Election Day has come and gone, but the cycle is nowhere close to an end. Many results still hang in the balance and as information, misinformation and everything in between flies around, the next few days—and even months—become more crucial.
Edelman U.S. chair of public affairs Aaron McLear and global CEO Richard Edelman joined U.S. CEO Russell Dubner and COO Lisa Ross, as well as election expert Ben Ginsberg to discuss the day after and what brands should know. Here's what we learned.
First, the numbers:
- 70 percent of large company employees expect leaders to be ready to respond to this time, with that growing among those aged 18-24
- Nearly 50 percent of employees aged 18-34 would protest in the workplace if they disapprove of how leaders are handling the situation.
- Nearly 50 percent of employees will advocate on behalf of the employers that speak up
- The big question: Where is the line for companies?
What you need to know right now: As Richard Edelman outlined, the big picture looks like this. We are going to have a period of stasis that could last a long time. There's an information void that needs to be filled, which means a growing role for the CEO. Brands have a special role to play in the coming weeks. And there is no option to doing nothing—especially with other issues like diversity and inclusion. And most importantly, employees need to be supported to be civically engaged: Give them time and space to participate.
What to do now: Lisa Ross said the first step is to acknowledge that people are struggling and showing empathy toward that struggle. At the same time, some people aren't struggling today — this is part of what life is and they're taking it in stride. Don't put everyone in the same category. People are different and diverse.
- Our workplaces are our Thanksgiving table, where you may want a break and may not want to talk about politics or religion. But at the same time, we are all activists. Which means the responsibility of the CEO is to put their arms around everyone and show stability and empathy. Think of the process, not the outcome: 50 percent will be happy with the outcome, roughly, and 50 percent will not. That means creating a narrative that lifts people up.
What's happening out there: Brands are recalibrating for a moment in time, said Dubner. Some are moving forward with business issues and some are stopping. The question is what to do as the holiday season comes up. Here's what to think about:
- People will be tired and exhausted due to Covid-19 and pandemic restrictions, said Richard Edelman. So, the employer must step up.
- The CEO needs to tell them why the company's values and mission matter and how they will be acting on those.
- CEOs should talk about public transit and safe streets and health & safety—and how the corporation will be the connective tissue for these key services. Be a partner and a friend.
- No need to go too silent on social media or publicly for too long, said Dubner. Just be conscious of where your brand fits into a person's life. There is room to be a bold and helpful partner.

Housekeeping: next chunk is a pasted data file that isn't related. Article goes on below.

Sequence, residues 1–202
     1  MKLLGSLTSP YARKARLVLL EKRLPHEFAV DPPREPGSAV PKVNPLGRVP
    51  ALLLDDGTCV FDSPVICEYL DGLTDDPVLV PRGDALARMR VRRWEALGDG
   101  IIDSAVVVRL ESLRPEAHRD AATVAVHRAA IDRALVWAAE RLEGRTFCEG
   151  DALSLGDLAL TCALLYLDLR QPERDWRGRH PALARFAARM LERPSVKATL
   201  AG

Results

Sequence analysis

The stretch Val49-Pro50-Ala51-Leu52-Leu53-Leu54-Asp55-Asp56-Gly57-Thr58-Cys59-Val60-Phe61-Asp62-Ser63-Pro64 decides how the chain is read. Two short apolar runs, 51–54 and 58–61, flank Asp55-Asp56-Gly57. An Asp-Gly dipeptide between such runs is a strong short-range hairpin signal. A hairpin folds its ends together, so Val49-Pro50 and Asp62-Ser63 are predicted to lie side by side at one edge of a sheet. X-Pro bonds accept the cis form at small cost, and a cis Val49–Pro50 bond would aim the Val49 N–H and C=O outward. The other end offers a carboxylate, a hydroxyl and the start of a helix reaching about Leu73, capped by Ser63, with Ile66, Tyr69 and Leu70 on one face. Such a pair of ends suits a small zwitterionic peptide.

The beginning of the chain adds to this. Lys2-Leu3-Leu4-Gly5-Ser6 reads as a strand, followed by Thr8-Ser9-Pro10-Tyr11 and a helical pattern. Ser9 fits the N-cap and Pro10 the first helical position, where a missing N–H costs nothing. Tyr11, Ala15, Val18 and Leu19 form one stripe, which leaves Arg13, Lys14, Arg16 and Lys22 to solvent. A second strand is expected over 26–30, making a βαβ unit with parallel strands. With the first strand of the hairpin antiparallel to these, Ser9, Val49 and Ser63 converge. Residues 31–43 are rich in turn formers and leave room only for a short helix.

An example: In the U.K., after Brexit, Heineken recruited people from a university who were on both sides of the issue having a conversation over beers. The result: A video about coming back together. "I urge you, brand marketers, to be an example of how to come together," said Richard Edelman. As Ross puts it: Solve, don't sell.
As a reminder, this was a historic election: As Ben Ginsberg points out, there was a historic turnout here, with the pandemic forcing the country to adapt to new ways of voting and working. The recounts will continue and each state will have its own procedures. The key facts to remember:
- December 8 is the Safe Harbor deadline for electors
- In a recount, the campaign that's ahead will say "the vote's over, it's final."
- The Biden camp is likely to look at disqualified or spoiled ballots to get more of them brought in, under the theory that these would lean Democrat.
- Precise procedures during recounts will vary but there may be checking of machines as well as absentee ballots.
Ultimately: "There is great uncertainty, but the process is tried and true. It's a democracy so it can get messy, but institutions have always held and they will this time too," as said by Ben Ginsberg.
A hopeful note: It's in everyone's best long-term interest to come together, said Ginsberg. "I hope there is a growing realization of involvement at the local level. If we are to restore the nation away from its highly polarized state we need to think of it on the local level and solve problems in the community. We are going to have split control of the Congress... one can hope it will provide a spirit of unity."
What of the pollsters? The massive misses in polling are a reflection of how polarized the country is, said Ginsberg. There is an undervaluing of Trump voters whereby people called by a pollster won't say they're voting for Trump because there is a cancel culture there. It's a warning sign for businesses where deep feelings aren't expressed due to a fear of censorship or judgment.
- Media is in the bad spiral: Richard Edelman said the media will continue to decline in trust because it is politicized—in the last week pushing this idea of a Blue wave that has turned people against it and even led people to vote for Trump. Companies will need to be their own media companies, pushing truth hard.
We'll leave you with this: There is an elitism in this country that often leaves people out, said Ross. Where brands have a responsibility is to bring people together, and when they do, hear them all out.